Eternal Love Unrequited
Well, the cherry blossoms are all gone. The weather is beautiful, a bit hot in the sunlight and a bit cool in the shade. It would probablly be a lot nicer if I could go sit under a tree somewhere and read a book, but unfortunately they won't take this chain off my leg and I have to sit here at my desk instead.
This is Golden Week, a sort of spring break that just evolved in Japan from a conglomeration of Boys Day (May 5), Constitution Memorial Day (May 3), and the Emperor's Birthday (April 29, although that was the last emperor, the Shōwa Emperor, they were talking about), with a few fill-in-the-blank days off in between. Most of Japan now takes this time off, and with the recent depression a lot of manufacturers are giving their employees two or three weeks off.
The depression is having its effect on us as well, and while we are not at all in trouble, we will have to watch our commitments to future expenditures. At the same time we are trying to develop some new payment plans for authors and translators that will help get more money into their wallets earlier. That same money, of course, will be coming out of our wallets, which is why we'll have to be careful what we promise.
There will be no effect on books in progress, but we may have to cut back on signing new books, depending on the terms of various contracts. Under the new contract terms we think will be accepted by authors and translators, it looks like we won't be able to publish more than two, possibly three, titles a year. Until the economic situation improves, of course.
Moving along, Stephen Carter was kind enough to send me this link on translating science fiction from English into something else, discussing (among other things) the problems encountered in translating 'uplift,' as used in David Brin's outstanding series.
Author Carol Pinchefsky has some illuminating lines, such as mentioning that many authors "line their books with poetry, which are minefields for translators to trip. Poetry is often so subjective that many poor translations exist — if it exists at all."
This is certainly a major issue... there are any number of ways a translator can be in for a rough time if the author uses poetry. If the original poem has never been translated into the source language that is by far the easiest, because then the translator can translate to match both the poem's original intent and interpretation by the author (true, this may be closer to creative writing than translation as far as the peom is concerned, but anyway...). But suppose the poem was translated into the target language incorrectly? Or suppose there are six different translations in the target language, all with different nuances? Or, worst case, suppose that the author has himself (or herself, of course) is using a poem translated from some other language into the source language, and that translation was incorrect?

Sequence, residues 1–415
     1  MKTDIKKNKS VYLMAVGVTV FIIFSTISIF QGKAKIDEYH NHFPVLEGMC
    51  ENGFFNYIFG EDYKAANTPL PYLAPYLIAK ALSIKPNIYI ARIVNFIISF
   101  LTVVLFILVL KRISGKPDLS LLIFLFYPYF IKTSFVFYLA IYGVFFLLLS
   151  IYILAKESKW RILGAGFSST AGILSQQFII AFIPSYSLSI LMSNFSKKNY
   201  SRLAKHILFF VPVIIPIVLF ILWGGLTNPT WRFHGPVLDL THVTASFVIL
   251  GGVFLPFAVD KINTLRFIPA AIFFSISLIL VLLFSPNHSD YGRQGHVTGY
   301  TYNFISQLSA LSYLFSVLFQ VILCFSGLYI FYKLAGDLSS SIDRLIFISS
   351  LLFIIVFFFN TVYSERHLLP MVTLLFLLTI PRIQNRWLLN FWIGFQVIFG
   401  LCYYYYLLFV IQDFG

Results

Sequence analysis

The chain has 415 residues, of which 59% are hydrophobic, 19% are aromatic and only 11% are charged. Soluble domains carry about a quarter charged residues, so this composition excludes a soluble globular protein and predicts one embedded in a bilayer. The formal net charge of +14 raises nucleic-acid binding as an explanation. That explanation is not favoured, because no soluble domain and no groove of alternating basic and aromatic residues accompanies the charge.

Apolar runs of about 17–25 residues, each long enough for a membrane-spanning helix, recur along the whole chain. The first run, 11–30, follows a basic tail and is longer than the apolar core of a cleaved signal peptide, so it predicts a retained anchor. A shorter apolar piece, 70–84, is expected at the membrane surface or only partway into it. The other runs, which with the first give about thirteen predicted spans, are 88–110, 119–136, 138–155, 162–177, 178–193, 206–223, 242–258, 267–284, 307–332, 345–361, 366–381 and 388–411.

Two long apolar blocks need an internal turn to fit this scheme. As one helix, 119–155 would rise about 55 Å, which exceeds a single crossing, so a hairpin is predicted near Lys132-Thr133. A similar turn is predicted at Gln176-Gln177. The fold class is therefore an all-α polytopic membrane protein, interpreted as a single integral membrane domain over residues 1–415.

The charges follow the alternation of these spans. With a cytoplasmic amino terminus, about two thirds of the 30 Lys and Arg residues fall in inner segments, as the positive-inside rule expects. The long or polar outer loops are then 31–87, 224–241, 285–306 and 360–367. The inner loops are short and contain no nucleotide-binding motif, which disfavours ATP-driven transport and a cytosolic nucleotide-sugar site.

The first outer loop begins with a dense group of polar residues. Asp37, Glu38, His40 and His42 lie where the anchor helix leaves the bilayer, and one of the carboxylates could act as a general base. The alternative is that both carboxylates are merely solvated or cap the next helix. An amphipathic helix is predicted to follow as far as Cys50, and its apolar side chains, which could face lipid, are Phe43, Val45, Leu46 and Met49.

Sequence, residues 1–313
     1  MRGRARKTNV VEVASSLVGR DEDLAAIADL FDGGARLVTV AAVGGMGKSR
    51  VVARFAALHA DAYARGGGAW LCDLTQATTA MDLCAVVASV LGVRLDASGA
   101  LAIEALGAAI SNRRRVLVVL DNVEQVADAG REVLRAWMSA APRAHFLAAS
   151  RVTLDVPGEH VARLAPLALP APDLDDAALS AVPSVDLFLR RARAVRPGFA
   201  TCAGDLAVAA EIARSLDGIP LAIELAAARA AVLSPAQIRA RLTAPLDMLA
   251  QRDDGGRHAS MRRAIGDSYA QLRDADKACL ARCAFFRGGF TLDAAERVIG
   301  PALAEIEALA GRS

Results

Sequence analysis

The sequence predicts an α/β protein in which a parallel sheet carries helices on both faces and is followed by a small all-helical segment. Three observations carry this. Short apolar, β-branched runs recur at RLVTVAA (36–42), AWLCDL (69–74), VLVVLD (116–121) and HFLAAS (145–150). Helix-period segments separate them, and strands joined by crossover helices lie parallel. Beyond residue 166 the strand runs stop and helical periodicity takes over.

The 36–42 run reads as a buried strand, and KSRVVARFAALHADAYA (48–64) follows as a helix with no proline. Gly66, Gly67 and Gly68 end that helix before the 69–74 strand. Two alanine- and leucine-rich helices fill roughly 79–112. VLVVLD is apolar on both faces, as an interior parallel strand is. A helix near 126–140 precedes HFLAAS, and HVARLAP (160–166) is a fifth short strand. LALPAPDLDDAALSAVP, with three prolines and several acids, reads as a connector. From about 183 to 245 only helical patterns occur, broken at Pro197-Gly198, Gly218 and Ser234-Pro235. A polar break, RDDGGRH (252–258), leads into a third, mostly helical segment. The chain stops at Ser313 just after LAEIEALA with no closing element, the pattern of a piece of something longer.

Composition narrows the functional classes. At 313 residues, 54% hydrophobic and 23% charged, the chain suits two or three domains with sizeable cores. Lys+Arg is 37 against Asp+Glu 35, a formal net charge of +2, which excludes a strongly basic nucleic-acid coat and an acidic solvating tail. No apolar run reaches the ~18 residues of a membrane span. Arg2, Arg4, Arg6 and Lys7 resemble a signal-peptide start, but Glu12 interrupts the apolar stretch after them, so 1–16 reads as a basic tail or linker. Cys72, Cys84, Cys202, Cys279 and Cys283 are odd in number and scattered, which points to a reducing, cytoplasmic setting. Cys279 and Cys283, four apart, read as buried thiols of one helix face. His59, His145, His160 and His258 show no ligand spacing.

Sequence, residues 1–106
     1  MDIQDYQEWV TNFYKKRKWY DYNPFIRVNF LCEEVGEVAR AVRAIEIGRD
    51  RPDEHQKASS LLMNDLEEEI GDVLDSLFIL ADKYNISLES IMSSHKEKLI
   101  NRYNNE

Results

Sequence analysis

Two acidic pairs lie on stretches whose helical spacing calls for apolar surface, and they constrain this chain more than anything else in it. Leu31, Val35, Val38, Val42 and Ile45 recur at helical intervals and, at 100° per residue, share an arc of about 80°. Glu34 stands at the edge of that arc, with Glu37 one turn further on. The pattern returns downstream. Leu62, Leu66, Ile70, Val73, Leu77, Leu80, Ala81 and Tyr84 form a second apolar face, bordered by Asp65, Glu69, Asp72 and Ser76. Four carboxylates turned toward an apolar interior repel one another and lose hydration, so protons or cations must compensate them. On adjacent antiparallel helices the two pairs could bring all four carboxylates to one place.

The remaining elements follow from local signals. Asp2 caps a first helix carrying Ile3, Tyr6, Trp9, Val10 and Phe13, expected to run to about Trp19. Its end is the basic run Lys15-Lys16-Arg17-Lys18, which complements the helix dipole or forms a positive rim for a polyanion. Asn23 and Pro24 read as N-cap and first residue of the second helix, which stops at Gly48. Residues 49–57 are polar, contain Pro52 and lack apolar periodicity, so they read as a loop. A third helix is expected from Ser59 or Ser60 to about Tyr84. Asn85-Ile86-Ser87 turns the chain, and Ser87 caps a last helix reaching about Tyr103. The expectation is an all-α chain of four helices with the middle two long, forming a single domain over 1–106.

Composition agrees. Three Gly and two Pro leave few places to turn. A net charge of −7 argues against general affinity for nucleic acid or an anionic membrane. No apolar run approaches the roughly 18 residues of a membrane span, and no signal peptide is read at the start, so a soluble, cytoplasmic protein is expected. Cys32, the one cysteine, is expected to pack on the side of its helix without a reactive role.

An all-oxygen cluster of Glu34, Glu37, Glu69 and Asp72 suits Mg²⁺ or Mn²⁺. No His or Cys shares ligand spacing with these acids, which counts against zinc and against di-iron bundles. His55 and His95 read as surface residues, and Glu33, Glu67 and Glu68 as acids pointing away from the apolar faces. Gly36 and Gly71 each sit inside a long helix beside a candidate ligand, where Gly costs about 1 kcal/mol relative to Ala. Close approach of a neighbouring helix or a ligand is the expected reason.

This latter case in particular is uncomfortably common when translating from Japanese to English. It may be common in other language pairs as well, for that matter... it could be universal. The problem runs thus: The English-speaking author uses a quote to suggest, oh, "Eternal love," selecting a splendid quote from a collection of 16th-century poety translated from Slobbovian.
The same poem has already been translated directly from Slobbovian into Japanese, and the translation clearly indicates that the love is not "eternal love," but "unrequited love."
Somebody has made a mistranslation, or perhaps each translation is correct but incomplete.
The translator who has to put this into Japanese has a problem... To re-translate from the English, keeping that meaning? To use the existing, approved Japanese translation, with a possibly different meaning? Or for the truly adventurous, to translate from the original Slobbovian more carefully and use that?
As with most translation problems, there is no good solution, only acceptable alternatives. The translator has to make a decision based on the needs of each instance. In theory the translator is supposed to translate what the author said, but if the author uses a quotation or a word incorrectly, there is a real problem.
I remember one book I read a long time ago which used Japanese names for a lot of things, and while most of them were not unreasonable, it named a giant tank (I think it was) a 'kyodaina.' In English kyodaina looks suitably foreign and Japanese, but in Japanese it is merely an adjective meaning 'gigantic.' Needless to say, it is unlikely anything would be given an adjectival name. So how would you translate that into Japanese? I suppose, as Kobayashi-san suggests for 'uplift' in the article I mentioned above, using katakana is the best solution, but it grates nonetheless.
One note of good cheer... the content of the next anthology of Japanese SF is selected, and I'll be contracting rights holders to try to get the ball rolling on that. Almost all of the material will be from recently-published Japanese stories, and almost all of it will be new translations. I've left in a few older stories that deserve to be published, and am considering republishing a very good English translation that has been unjustly forgotten.
Stories for the Chinese SF anthology are also pretty much selected... that is being developed in conjunction with SF World, the biggest SF magazine in China and perhaps the world.
Hopefully we'll be able to make announcements on these books within a few months, and begin the search for translators. Hope to talk to you again then!